Becoming a catalytic converter in your community

Becoming a catalytic converter in your community

Posted on May 05, 2016 by Hannah Coval

Editor's Note: Hannah Coval is the English/Spanish project coordinator for the Sarasota Coalition on Substance Abuse.

In The Harwood Institute for Public Innovation's practice and parlance, “Community Rhythms,” which include “The 5 Stages of Community Life,” identify where individuals or groups are in helping their communities move forward.

One of the stages -- Catalytic -- shows that steps are being taken by a small number of people and organizations that are almost imperceptible, but the actions are giving a sense of hope.

The SAVE (Sarasota Against ViolencE) Team is in its second year of its SAVE grant in Newtown. The federal grant, one of 23 awarded nationally, is a collaboration between Sarasota County Schools and the Sarasota Coalition on Substance Abuse that focuses on reducing violence in building community in the Newtown area over five years.

We classify the SAVE Team as a "Catalytic Converter" because we have turned outward with community conversations, gathered common aspirations and community input on realization, and begun steps of action.

The Harwood practice through the Aspirations to Actions initiative informed actions like our conversation with Newtown's Boys and Girls Clubs teens about how to make a "Drug Free Youth Plus" club appealing to them.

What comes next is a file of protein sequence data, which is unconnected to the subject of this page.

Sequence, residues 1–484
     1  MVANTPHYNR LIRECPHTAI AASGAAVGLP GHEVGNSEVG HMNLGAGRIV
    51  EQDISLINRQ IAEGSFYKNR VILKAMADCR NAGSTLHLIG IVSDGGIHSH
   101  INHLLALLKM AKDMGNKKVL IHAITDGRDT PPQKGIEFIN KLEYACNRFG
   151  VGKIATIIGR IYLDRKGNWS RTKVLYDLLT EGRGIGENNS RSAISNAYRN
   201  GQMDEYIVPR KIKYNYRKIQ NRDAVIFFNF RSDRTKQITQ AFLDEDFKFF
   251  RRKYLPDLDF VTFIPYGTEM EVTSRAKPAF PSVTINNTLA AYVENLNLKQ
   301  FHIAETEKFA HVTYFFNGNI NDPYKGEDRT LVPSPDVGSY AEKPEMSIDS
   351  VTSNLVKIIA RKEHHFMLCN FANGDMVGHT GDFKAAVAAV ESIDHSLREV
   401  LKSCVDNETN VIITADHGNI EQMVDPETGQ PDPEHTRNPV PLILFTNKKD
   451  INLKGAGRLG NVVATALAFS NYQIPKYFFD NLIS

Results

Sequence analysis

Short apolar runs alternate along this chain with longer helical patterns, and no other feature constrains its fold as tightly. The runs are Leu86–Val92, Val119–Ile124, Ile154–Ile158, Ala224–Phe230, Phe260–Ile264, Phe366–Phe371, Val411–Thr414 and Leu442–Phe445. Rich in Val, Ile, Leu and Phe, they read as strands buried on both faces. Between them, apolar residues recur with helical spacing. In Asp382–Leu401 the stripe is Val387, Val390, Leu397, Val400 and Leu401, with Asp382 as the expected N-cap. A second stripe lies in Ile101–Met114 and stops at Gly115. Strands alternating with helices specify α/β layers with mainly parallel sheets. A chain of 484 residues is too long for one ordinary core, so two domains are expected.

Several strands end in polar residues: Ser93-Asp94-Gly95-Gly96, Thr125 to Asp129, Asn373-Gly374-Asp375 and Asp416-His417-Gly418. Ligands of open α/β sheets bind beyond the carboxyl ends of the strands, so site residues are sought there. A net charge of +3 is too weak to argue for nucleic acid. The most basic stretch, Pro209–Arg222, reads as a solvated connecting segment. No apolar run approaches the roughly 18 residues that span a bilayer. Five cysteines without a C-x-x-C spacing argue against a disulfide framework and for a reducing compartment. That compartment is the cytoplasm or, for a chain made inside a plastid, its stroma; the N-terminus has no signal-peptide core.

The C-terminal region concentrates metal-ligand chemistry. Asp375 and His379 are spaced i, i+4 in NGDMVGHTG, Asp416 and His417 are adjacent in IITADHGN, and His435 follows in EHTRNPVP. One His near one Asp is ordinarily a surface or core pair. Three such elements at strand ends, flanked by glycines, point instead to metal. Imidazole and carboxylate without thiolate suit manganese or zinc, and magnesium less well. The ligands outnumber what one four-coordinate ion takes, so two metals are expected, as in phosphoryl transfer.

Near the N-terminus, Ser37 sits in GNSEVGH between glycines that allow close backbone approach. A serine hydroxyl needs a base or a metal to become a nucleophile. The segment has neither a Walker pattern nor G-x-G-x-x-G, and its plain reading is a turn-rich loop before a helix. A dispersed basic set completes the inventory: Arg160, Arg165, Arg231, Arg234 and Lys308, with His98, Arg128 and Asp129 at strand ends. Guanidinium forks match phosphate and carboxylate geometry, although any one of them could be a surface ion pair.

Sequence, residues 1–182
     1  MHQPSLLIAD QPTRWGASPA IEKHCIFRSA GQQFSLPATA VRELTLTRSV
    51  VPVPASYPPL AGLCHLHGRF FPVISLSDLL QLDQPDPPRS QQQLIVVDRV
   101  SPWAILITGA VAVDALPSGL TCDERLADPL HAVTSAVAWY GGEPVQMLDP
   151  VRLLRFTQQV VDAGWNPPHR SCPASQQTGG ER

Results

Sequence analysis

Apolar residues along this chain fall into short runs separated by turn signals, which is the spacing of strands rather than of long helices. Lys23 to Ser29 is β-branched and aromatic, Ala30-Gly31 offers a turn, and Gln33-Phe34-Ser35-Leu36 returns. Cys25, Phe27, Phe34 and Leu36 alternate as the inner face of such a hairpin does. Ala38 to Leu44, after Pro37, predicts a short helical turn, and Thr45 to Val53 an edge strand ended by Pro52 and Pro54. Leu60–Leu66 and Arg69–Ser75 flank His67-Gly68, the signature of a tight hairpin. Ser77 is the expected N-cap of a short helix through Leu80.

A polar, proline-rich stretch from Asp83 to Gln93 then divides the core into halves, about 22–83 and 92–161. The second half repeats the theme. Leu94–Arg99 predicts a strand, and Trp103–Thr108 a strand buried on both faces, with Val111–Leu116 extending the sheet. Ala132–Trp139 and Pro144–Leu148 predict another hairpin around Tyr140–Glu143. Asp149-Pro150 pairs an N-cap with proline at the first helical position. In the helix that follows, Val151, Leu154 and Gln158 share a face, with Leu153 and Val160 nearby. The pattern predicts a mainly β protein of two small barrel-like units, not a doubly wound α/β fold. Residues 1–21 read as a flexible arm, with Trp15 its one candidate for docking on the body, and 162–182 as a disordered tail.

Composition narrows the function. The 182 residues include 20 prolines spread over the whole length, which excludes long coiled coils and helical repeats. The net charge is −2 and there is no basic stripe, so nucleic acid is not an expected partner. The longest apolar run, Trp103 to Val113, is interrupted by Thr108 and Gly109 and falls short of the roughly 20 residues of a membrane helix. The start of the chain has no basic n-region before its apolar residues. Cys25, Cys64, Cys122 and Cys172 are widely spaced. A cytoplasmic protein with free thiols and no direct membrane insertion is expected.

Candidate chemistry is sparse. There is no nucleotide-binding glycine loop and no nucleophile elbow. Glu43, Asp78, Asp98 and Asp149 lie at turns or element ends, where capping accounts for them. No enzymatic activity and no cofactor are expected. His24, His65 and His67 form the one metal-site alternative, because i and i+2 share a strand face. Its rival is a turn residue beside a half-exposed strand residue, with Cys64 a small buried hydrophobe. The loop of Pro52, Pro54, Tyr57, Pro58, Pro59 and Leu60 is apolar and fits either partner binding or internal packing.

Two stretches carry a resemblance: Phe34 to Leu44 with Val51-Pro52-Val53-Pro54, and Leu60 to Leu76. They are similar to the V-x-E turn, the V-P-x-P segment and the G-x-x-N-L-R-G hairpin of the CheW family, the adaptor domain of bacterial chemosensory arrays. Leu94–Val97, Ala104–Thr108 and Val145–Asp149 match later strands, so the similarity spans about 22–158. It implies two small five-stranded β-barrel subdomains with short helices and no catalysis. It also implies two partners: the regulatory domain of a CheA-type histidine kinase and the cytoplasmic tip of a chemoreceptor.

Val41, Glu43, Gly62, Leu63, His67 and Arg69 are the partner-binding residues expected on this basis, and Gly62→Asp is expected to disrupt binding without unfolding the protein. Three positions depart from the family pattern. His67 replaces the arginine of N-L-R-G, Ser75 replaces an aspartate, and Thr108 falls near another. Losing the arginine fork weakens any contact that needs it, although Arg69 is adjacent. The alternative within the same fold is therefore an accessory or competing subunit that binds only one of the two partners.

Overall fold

After a full year of planning, this year marks a transition to implement violence-prevention initiatives, with the overarching themes of “Keep Kids Busy” (Garden, Spanish, SWAT Clubs and Girl Scouts) and “Educate Kids About Drugs and Violence.” For example, we are teaching violence prevention curriculum weekly at Booker Middle School, as well as providing Trauma Informed Care training, and the Peach Jar (school updates about events).

People come to us with issues asking, "is this something the SAVE grant can help with?" and often times the answer is, "yes!"  This journey has reminded us not only to turn outward as better listeners, but also to continually reassess what we do and where our projects are. Our new approach will inform countless future actions and we are pleased to share our presentation here.


  • Learn about these and other concepts used in TPF's approach to philanthropy.


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